Both adults have a crested head, white belly, and a white line at the back of the wing (especially seen while the bird is in flight). The head of the male is iridescent green, blue, and purple, with two white lines that run parallel to each other from the base of the bill and behind the eye to the back of the head. The male also has a white chin and throat, red eyes, red at the base of the bill, a deep rust-colored chest, bronze sides, and a black back and tail. In contrast, the female is gray-brown overall, with white eye rings and a white throat and chin. 3-51 cm (17-20 in) long.
In the southern portion of its range, the Wood Duck begins nesting In February and early March. In the northern areas, breeding begins in mid-March to mid-April. The peak breeding season in the South is mid-March to mid-April; in the North it is late March through April. The Wood Duck is a cavity nester, readily using man-made nest boxes when natural cavities are limited. Nest cavities are usually located within 1 mile of water, and average 9 m (30 feet) above the ground. The nest is lined with wood chips and down. The female lays 6-15 (usually 10-15) eggs. Any nest with more than 15 eggs probably contains eggs that have been "dumped" by one or more other females. Like many other bird species, a female Wood Duck will lay eggs in others' nests. The reasons for this behavior are unknown, but may include a female's own nest having been destroyed or a female not wanting to "put all her eggs in one basket," as the saying goes. Dumped eggs can result in an apparent clutch size of up to 50 eggs. Females incubate the eggs for approximately 30 days, only leaving the nest twice a day. The young are precocial and remain in the nest for 24 hours. The female coaxes the young out of the cavity and leads them to the nearest water. The female will then care for the young for 56-70 days, at which time they become independent.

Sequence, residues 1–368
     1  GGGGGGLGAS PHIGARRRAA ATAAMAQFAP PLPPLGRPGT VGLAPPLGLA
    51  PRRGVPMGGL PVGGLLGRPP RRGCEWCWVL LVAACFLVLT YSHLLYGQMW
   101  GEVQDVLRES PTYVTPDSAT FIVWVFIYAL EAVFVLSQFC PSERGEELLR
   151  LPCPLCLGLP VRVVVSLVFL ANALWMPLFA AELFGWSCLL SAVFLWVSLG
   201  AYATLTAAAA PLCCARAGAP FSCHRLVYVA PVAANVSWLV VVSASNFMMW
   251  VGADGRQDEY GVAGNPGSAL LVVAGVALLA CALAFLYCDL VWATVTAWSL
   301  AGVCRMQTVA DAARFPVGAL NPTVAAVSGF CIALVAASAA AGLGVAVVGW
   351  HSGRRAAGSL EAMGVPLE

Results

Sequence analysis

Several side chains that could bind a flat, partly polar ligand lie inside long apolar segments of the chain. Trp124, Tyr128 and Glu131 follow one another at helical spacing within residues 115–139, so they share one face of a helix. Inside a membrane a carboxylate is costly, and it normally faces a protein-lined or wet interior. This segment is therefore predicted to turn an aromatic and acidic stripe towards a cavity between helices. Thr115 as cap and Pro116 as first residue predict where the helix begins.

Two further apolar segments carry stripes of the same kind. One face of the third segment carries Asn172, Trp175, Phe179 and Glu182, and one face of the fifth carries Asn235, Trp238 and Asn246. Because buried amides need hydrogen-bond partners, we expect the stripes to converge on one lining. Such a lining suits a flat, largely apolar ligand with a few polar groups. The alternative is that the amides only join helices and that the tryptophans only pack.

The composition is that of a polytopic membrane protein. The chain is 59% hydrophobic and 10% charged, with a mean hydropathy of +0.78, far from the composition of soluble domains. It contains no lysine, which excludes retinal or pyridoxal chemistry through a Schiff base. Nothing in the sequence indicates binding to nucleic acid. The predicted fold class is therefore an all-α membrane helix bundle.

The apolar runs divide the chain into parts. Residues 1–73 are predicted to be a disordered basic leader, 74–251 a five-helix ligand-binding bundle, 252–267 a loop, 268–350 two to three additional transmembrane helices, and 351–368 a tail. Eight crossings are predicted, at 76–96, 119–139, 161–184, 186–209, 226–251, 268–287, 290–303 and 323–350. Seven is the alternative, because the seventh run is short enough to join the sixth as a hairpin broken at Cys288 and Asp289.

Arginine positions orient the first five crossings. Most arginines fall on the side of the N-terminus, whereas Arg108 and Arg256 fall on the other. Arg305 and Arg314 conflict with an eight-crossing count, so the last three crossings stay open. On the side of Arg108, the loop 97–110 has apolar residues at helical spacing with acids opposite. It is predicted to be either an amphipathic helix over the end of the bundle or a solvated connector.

The Wood Duck spends most of its time in the water or in forests, always being close to a creek, river, pond, or swamp. The primary food for the adult is acorns, which it gathers in shallow flooded areas or on the ground. It will eat alternative seed crops from plants such as cypress, hickory, and buttonbush (a shrub in the genus Cephalanthus that commonly grows in swamps and along pond borders and stream margins). When preferred foods are unavailable, waste corn from fields is sometimes eaten.
The Wood Duck occurs throughout the eastern United States and in western coastal areas, spending only the breeding season in the northern half of this range. The primary winter range includes the Southeast for eastern birds, and central California for western birds. In Georgia, the Wood Duck can be found all year in appropriate habitat, but occurs more commonly in southern Georgia during the winter.
Prior to the Migratory Bird Treaty Act of 1918, the Wood Duck was over-hunted to an extent that might have resulted in its extinction. Luckily, with strict hunting regulations this species has been increasing in number. Current concerns for the Wood Duck center on the increasing numbers of swamps and wet areas being drained and bottomland hardwood forests being cleared. Reduction of these nesting habitats may again reduce populations of this species. However, the Wood Duck is not currently listed by governmental entities as requiring any special conservation attention in the Southeast.
The Wood Duck can be mistaken for an American Widgeon while in flight, but widgeons lack the white bar at the back edge of the wing and have white patches on their shoulders. It is difficult to mistake the distinctive coloration and pattern of the male Wood Duck when it is in the water or trees.